Affiliate Mistakes, Choosing Affiliate Programs, and more

I have given an interview to the Affilorama affiliate training portal which operates out of Christchurch, New Zealand. We’ve had good chat with Chris who made sure the discussion was full of thought-provoking questions, and I thank him for structuring the interview the way he did. I really enjoyed it.

Among the questions covered, we have touched upon the following two:

Question: Could you tell us what you think the biggest mistakes beginners make in affiliate marketing so that we can try to avoid them?

  1. Putting all eggs in one basket (trusting wholeheartedly any single merchant, affiliate network, or investing your money into one campaign, or focusing on just one method of promotion)
  2. Spamming
  3. Leaving the call-to-action out
  4. Failing to test
  5. Failing to spend time learning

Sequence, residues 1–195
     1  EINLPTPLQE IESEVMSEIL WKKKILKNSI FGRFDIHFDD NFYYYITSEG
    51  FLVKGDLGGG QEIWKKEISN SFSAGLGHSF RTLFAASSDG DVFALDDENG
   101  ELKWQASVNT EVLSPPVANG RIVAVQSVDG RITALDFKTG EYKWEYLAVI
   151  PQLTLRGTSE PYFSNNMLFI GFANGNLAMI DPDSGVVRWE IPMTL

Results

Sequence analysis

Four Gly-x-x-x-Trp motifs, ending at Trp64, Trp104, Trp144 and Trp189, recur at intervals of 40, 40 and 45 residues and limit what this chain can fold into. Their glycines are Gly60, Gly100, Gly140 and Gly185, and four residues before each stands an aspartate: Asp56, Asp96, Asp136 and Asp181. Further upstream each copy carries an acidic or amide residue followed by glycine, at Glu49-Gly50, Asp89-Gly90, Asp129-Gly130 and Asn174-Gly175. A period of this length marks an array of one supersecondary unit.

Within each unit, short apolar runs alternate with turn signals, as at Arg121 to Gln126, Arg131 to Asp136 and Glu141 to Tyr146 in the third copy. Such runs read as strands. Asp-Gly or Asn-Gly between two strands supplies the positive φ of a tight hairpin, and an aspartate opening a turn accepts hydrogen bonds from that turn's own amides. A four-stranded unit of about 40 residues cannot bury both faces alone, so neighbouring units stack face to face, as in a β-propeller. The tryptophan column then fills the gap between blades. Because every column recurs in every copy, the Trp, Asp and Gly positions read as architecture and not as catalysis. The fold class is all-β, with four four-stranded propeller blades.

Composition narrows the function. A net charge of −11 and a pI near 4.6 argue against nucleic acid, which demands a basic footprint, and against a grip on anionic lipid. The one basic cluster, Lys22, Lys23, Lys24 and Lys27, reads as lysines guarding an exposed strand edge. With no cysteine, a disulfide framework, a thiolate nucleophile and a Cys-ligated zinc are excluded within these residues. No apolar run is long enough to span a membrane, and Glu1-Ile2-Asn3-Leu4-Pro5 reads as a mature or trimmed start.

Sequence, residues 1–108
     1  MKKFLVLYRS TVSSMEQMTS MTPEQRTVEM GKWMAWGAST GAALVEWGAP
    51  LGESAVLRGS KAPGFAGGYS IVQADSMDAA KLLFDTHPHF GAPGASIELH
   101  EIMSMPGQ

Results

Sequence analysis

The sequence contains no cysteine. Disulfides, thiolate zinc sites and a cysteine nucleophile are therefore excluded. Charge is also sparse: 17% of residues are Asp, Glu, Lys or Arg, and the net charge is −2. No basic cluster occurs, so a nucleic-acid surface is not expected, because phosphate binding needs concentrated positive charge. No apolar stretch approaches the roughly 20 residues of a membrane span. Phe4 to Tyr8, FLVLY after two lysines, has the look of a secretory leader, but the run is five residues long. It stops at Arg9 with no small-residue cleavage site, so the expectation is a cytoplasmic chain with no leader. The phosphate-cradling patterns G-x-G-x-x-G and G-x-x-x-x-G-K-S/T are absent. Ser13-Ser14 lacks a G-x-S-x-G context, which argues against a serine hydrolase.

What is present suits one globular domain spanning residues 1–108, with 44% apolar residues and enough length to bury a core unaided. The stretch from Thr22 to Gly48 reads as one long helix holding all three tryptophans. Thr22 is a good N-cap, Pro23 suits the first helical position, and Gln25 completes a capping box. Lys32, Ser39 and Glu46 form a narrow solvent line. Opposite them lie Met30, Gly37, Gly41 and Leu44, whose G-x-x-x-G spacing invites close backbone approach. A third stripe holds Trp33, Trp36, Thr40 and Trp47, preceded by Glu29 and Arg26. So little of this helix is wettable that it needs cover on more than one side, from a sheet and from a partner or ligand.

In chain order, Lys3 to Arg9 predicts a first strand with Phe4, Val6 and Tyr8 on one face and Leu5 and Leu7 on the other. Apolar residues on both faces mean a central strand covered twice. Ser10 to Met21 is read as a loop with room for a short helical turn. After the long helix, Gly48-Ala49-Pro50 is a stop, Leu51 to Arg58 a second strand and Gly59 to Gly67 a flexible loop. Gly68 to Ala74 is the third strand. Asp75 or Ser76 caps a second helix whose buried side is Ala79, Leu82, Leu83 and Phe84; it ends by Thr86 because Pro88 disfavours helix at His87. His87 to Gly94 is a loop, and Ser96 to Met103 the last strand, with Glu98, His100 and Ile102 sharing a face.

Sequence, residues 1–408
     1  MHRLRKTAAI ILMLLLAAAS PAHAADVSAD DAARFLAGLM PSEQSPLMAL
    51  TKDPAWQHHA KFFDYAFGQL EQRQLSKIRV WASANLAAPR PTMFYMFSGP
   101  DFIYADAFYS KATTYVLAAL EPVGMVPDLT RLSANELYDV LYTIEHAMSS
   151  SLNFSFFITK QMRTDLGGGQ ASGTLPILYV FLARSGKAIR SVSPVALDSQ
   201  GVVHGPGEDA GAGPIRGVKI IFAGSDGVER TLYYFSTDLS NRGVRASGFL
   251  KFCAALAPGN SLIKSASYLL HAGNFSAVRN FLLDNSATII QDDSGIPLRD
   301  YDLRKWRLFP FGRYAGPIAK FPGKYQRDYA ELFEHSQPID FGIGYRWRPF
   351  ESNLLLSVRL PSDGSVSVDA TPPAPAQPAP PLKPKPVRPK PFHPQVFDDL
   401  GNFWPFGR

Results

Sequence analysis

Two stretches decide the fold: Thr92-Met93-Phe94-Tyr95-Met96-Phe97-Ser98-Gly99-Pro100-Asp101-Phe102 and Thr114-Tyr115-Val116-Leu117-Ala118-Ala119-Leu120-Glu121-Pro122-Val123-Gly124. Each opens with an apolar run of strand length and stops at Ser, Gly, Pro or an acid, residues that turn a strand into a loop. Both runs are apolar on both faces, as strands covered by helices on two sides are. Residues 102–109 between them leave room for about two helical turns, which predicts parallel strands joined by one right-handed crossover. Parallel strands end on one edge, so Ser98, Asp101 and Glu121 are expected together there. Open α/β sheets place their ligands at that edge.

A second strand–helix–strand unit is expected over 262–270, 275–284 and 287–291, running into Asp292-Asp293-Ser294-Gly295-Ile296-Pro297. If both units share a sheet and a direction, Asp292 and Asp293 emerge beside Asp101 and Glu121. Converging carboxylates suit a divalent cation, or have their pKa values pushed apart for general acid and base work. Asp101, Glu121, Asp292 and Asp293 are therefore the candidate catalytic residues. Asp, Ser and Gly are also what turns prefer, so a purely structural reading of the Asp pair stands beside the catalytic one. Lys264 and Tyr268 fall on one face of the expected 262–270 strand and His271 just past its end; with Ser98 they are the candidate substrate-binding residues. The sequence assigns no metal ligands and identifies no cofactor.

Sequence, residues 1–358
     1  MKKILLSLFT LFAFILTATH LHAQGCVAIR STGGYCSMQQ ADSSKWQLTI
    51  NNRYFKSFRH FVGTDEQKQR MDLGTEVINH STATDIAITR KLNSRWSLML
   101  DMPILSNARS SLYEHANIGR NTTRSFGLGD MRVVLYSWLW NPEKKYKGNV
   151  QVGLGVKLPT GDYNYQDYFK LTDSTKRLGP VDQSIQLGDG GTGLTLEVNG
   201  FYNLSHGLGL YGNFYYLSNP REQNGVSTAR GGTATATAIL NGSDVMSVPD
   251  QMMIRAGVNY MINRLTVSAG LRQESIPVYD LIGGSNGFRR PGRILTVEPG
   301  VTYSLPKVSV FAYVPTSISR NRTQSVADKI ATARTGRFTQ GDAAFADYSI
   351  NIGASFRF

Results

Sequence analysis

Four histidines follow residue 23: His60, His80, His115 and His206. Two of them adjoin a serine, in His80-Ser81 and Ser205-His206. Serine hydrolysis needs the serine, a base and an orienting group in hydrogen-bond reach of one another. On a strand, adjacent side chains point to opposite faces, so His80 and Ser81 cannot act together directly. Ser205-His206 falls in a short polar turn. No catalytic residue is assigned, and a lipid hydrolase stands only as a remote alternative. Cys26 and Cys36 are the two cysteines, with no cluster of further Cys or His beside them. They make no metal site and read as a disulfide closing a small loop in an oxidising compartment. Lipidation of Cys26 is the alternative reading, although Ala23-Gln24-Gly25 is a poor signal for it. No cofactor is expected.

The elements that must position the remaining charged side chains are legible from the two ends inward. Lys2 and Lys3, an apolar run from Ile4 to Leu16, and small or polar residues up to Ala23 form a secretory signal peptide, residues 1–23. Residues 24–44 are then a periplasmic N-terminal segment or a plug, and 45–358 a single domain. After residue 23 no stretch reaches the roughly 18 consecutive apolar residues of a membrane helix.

6. Expecting quick results


Question: When you’re an affiliate and you’re looking through new affiliate programs to promote, what do you think are the most important things to look for within the affiliate program? What are indicators of a really good affiliate program versus a questionable one?

  1. Search the Internet for any feedback on the program
  2. Ensure that the program doesn’t partner with affiliates that are known for being unethical
  3. Look at the key metrics (reversal rate, EPC, conversion rate, etc)
  4. Review the tools and creatives that are made available to affiliates
  5. Ensure there’s a real person behind the program (email them)

In addition to these we have also discussed topics as diverse as (a) how affiliates can improve their writing skills, (b) what exactly is the U.S. advertising tax, and how it may hurt the affiliate marketing industry, (c) how the new Federal Trade Commission’s rules and regulations may affect affiliates, (d) why it is important to develop personal relationships between affiliates and affiliate program managers, and much more.

You may listen to (or download) the full interview here (you’ll want to scroll down to the bottom of Chris’ post). I hope you will find it of use, and if it raises additional questions, do not hesitate to post them below.

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